To begin, let me paint a picture of what may be an odd example of this phenomenon.
Comics are generally known to be typically male turf, particularly of the popular superhero variety.
It’s too easy to imagine a group of DC executives sat around a large meeting table in a terse discussion on how to best reach the yet untapped market for them.
And their grand plan?
Let me break it down.
On the surface there is absolutely nothing wrong with DC Comics releasing a special Valentine’s day issue, but as an attempt at reeling in more female readership, it falls flat on two key levels.
Firstly, that they completely missed that women aren’t a monolith hivemind of the same vapid and girly personality inhabiting many bodies.
Women can, in fact, be interested in more than just makeup, shopping and romance.
If a woman is diversifying away from such heavy romance to dive into the story of their favourite superhero, chances are the romantic going-ons of Wonder Woman and Superman are not high on their minds.
Secondly, that any woman who really wanted to read some trashy romance can just pick up the nearest Harlequin novels or even the already existing romance comics to get their groove on.
A woman beginning to read superhero comics is usually there for other reasons (e.g. enjoying the heroic camaraderie, exploration of social issues, exploring fantastical possibilities in a modern setting).
But instead of trying to understanding the actual reasons to cater to them better, DC covered their ears and just defaulted to their stereotype of what women want.
They did eventually find better success with the female demographic by releasing stories of hashtag-happy teenage-coded girls who happened to be saving world the à la Buffy The Vampire Slayer.
While the more feminist of longtime fans critisised DC for regressing established and powerful female characters into millennial caricatures of the coming-of-age story, their Starfire and Batgirl series’ were a closer to a successful attempt and did bring in new female readers who were able to relate to to the characters.
A Key Difference To Note
Even if what is marketed is a typically feminine product, there is a noticeable difference between:
- Advertisements that understand female interests as vast but chooses to market to the typically feminine
- The stereotyping, clueless types
It’s the reason why Microsoft’s Honestly campaign met with some fire. While the intentions behind their ad might have been innocent, their execution was downright painful.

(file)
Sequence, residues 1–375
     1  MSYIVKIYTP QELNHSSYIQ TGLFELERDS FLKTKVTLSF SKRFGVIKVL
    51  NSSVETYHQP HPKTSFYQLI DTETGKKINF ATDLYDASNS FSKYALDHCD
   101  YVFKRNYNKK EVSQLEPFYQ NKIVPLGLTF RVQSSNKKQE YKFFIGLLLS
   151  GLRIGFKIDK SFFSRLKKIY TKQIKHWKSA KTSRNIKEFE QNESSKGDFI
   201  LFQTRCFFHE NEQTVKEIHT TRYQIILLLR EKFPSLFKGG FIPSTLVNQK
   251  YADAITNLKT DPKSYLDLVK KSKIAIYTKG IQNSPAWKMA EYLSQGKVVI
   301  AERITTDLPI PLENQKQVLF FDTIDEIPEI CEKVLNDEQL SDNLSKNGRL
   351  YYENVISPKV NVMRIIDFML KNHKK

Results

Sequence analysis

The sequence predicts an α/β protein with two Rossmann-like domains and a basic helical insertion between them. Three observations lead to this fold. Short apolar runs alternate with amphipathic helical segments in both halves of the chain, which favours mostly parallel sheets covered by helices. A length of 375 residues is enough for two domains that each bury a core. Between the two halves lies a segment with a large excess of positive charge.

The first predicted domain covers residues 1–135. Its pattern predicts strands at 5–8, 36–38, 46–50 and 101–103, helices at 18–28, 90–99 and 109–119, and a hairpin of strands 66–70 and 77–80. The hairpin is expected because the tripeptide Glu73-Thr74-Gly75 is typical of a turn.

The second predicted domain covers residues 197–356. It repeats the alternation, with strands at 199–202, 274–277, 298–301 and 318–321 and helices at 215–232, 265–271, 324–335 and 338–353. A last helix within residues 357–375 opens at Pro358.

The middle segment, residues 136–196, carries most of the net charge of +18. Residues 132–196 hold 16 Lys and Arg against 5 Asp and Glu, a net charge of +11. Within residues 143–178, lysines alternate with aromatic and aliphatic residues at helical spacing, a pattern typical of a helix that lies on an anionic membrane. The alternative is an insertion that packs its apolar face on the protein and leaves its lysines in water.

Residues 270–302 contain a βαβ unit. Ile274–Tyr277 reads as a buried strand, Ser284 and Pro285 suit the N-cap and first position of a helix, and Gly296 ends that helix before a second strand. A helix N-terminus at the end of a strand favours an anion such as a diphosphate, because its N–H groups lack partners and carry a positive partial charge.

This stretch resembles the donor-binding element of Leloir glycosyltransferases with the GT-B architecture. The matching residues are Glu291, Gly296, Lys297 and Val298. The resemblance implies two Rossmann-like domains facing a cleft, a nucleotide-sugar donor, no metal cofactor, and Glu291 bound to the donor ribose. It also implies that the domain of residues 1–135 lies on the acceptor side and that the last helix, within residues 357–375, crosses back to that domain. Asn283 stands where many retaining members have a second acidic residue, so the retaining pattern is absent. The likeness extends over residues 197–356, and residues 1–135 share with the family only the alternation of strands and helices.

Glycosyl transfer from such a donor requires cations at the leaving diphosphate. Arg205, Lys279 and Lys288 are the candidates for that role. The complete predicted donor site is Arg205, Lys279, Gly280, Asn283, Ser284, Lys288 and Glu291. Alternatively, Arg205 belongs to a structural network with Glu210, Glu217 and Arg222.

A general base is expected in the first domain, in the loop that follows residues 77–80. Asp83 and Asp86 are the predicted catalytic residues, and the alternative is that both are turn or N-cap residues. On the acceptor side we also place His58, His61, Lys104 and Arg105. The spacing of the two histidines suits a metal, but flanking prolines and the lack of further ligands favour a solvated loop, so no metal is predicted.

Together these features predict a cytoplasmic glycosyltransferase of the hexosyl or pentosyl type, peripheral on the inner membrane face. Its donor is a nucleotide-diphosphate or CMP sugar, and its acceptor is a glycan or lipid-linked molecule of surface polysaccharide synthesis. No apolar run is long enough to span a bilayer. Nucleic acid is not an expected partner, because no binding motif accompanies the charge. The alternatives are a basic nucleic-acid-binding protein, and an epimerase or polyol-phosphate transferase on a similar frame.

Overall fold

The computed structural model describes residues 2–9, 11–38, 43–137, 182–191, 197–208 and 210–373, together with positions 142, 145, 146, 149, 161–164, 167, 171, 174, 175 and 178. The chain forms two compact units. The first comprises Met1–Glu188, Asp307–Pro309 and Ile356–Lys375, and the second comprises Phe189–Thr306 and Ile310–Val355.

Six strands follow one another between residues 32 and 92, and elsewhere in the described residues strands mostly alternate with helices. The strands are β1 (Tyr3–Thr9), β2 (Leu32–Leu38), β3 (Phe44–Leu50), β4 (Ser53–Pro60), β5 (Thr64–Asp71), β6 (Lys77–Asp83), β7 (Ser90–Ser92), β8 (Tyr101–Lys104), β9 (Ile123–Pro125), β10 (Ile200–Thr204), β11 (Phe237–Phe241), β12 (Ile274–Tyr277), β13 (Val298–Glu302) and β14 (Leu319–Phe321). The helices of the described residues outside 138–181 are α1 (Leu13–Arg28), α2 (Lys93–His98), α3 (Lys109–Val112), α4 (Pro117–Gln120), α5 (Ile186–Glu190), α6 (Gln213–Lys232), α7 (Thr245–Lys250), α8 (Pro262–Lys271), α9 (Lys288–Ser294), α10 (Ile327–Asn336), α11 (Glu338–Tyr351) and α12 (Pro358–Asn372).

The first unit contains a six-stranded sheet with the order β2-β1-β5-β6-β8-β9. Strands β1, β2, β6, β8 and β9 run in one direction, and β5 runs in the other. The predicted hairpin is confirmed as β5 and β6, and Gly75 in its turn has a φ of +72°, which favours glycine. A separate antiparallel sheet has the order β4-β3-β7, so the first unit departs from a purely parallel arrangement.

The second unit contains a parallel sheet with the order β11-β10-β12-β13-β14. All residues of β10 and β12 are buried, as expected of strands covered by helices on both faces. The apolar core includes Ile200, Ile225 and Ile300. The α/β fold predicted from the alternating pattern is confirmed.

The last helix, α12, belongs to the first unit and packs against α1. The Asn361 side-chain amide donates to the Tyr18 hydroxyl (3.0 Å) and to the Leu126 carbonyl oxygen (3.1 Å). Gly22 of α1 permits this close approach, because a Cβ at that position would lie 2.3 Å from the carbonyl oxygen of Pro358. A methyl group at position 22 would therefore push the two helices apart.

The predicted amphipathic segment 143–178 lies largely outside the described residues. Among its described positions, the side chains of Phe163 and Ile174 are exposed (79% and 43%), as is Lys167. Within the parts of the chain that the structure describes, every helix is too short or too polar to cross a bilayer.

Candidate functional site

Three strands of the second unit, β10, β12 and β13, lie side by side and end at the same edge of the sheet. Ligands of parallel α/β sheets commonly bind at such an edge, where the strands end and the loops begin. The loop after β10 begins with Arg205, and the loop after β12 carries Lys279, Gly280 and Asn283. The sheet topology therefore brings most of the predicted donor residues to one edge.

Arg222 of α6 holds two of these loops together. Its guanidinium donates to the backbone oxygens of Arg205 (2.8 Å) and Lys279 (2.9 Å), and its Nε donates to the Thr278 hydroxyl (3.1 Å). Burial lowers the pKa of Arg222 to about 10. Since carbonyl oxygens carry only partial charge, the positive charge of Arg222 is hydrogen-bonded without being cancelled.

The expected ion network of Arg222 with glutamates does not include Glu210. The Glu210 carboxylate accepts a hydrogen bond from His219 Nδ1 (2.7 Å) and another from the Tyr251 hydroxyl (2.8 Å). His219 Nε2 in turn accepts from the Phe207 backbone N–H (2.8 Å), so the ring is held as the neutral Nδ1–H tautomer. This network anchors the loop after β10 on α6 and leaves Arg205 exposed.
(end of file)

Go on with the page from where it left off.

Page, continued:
It got so much fire that SNL made a parody of the campaign that, ironically, managed to relate to actual women much better, even if it was just a comedy skit.
And these all lie in the admaker’s impressions of women are prior to crafting the ads.
In a not at all surprising twist, these admakers seem to forget that women are actual people with individualised interests.
In my own brush with writing for advertisers, I’ve come across advertisers who insist that women would not be interested in physical sporty activites like hiking or Skytrax.
It’s as if they have never seen a woman in yoga pants, or are somehow blind to the rise of the fitness movement in Malaysia that, surprise surprise, has bitten its fair share of women and men.
But of course women don’t exercise. It will break their nails right?
The Solution: Remember That Women Are People Too
When advertisers market to women based on the metrics that were halfheartedly developed by a group of men in the 80s and never updated once, they are marketing to an image of a woman who does not exist anymore (or perhaps never did).
And the dangerous thing about advertising is that it has an interesting role both as something that is influenced by and also shapes society.
What marketing reflects may be what already exists in society but it has a unique ability to cement those reflections and even magnify them to further solidify false stereotypes.
It also doesn’t help when a marketing team determined to conquer the female market doesn’t have a woman among their ranks to tell them if the ad would even work. Or even if they do have women among them, do they even let them speak?
This type of marketing towards women is like assuming all that men would be interested in are breasts and cars. And sure, some guys do in fact enjoy these things and will be appealed to, but this ignores the absolute plethora of men that have other interests like fitness, tech, entrepreneurship and even, as highlighted above, superhero comics.
The organised feminist movement started off in 1848 at Seneca Falls, and yet here we are, two centuries later. We don’t seem to have moved very much. The fact that we live in the kind of world where still exists a need to insist that women are actually as complex as men reflects the sad state that we’re in.
This International Women’s Day, let’s make a start towards changing that.